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Kids & Education

Elected Officials, Advocates Demand Renewal and Expansion of Speed Camera Law Before School Year Begins

Get the New York State Senate back to Albany to renew and expand the law authorizing speed cameras around city schools.

That was the message conveyed during a press conference held outside M.S. 88, 544 Seventh Avenue, on Wednesday, August 8 where Mayor’s Office for People with Disabilities Commissioner Victor Calise was joined by elected officials, advocates for street safety and others who demanded that the Senate vote now to bring back speed cameras in 120 school zones, as well as expand the program to additional schools. The law authorizing the cameras expired on July 25 despite ongoing efforts to push the state Senate to hold a special session to consider legislation extending and expanding it.

“There are close to one million people in New York City with disabilities and there are over 5,000 people with disabilities in this neighborhood alone,” said Calise. “And it’s exactly two weeks since the Senate failed to preserve and expand our speed camera program. That’s two weeks that kids in summer school have gone mostly unprotected. In those two weeks alone, there have been 14 people killed or in critical condition from crashes including an 11-year-old struck in a school zone a few miles from here last Friday. Enough is enough. Speed cameras are a proven way to save lives. It’s common sense.”

“This is a safety issue for children but especially for children with disabilities,” added Caitlin Cassaro, executive director for Extreme Kids and Crew, Inc. and the mother of an autistic child. The organization she said, “Run(s) safe, supportive and fun spaces for our disabled and neurodiverse population of children. We are located in some of these schools and just like our spaces, the streets surrounding the schools need to be safe as well.”

Jane Martin-Lavaud, a member of Families for Safe Streets, whose daughter Leonora was killed by a speeding driver at Avenue U and East Fifth Street in 2013, concurred.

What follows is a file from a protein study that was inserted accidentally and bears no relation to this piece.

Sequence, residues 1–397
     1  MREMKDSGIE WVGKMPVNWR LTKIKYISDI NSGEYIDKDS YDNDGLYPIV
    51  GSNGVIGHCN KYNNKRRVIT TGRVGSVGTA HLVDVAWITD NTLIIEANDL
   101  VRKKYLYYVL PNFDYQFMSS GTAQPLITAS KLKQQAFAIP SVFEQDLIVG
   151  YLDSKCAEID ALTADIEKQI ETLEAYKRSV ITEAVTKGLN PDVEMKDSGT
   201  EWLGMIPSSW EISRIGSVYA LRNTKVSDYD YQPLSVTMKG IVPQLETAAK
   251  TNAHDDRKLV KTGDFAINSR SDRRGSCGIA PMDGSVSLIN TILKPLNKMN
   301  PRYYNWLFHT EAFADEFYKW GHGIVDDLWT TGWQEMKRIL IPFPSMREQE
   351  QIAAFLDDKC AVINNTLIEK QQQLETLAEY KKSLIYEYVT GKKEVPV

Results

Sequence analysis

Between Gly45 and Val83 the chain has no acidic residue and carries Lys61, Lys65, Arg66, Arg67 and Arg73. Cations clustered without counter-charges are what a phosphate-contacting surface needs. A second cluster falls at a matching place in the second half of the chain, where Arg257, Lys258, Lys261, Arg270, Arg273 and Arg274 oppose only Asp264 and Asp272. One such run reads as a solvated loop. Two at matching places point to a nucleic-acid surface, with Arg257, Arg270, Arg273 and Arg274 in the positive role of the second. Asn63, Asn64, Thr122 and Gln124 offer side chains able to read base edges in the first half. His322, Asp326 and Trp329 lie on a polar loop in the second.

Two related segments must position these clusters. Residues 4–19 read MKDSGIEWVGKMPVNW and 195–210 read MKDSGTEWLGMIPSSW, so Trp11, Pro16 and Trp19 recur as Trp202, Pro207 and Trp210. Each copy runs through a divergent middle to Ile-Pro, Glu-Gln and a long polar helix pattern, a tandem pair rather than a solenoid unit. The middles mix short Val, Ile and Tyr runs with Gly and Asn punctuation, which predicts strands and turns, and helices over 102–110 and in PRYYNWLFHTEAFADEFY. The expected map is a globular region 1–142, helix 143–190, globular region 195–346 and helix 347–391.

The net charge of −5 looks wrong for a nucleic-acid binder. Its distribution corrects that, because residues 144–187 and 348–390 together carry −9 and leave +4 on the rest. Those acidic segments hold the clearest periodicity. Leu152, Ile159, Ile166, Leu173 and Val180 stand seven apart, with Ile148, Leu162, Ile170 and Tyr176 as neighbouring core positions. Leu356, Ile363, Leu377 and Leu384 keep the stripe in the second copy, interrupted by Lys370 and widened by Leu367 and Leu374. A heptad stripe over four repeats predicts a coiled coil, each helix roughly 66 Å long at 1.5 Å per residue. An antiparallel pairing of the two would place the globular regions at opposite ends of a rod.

Recalling that her grandfather and great-grandfather, as well as a friend, the conductor of the Kings County American Legion Band, had been “killed by a reckless driver,” she told her listeners, “Most importantly, I’m here on behalf of my daughter Leonora, who five years ago was struck and killed by a reckless driver.

“Like every parent, I expected my children to outlive me,” Martin-Lavaud continued. “I expected them to lead full and productive lives. I had two and now I have one. I’m always tearful but my daughter’s birthday is this coming Monday and she won’t be here to celebrate it with us. So I mourn.”

She added the problem appears to be getting worse. “What’s terribly upsetting to me is I’m apparently a part of a growing community of families who have lost children and other lost ones or have been severely hurt,” she said. “I don’t even understand why this is even a conversation. We need to expand this program to protect all of our community members.”

Executive Director of the Division of Family and Community Engagement for the Department of Education (DOE) Yolanda Torres stressed that the lack of street safety affects the families that DOE serves.

“As a parent and grandparent and representing the Department of Education, I hear the concerns of our parents,” she said. “As families pick up their kids from school today, they don’t have the same level of security they had a couple of weeks ago.”

She contended that the bill needs to be passed before the school year begins.

“As a community, we continue to work towards this challenge and we expect these cameras will be turned on because, at the end of the day, the safety of our students is our priority,” Torres said.

“Our community has continued to speak with such incredible strength around this issue,” added Councilmember Carlos Menchaca. “We have spoken with one voice and we’re asking that the Senate return and do its job. What happens when our participatory democracy fails? We have to come out. As we get closer to election,we have to register to vote and make our voices heard.”

According to the mayor’s office, currently, there are speed cameras at only 20 school zones, and the city can move those zones daily to maximize safety. However, those 20 cameras will lose their authorization to issue speeding violations at the end of August if the state Senate does not act.

“The program has been successful in reducing speeding in school zones,” said Assemblymember Deborah Glick. “The only reason one could give for not reauthorizing it is that the state Senate is more concerned about the rights of speeders than they are about the lives of school children. This is a commonsense program and the fact there is a handful of senators blocking the protection of school students in this city is an absolute disgrace.”

“It is completely absurd that all of us have to stand here this morning and ask the state Senate to do its job. One of the reasons we have to ask them is because of the 32 members of their coalition, the vast majority don’t live in New York City,” added Assemblymember Robert Carroll. “So it’s not their kids or families at risk. Clearly they’ve shown us in the last two weeks that they don’t care about New York City.

If the state Senate doesn’t reconvene to vote on speed camera legislation on its own, Carroll added, Governor Andrew Cuomo should call the entire legislature back into session to deal with the matter.

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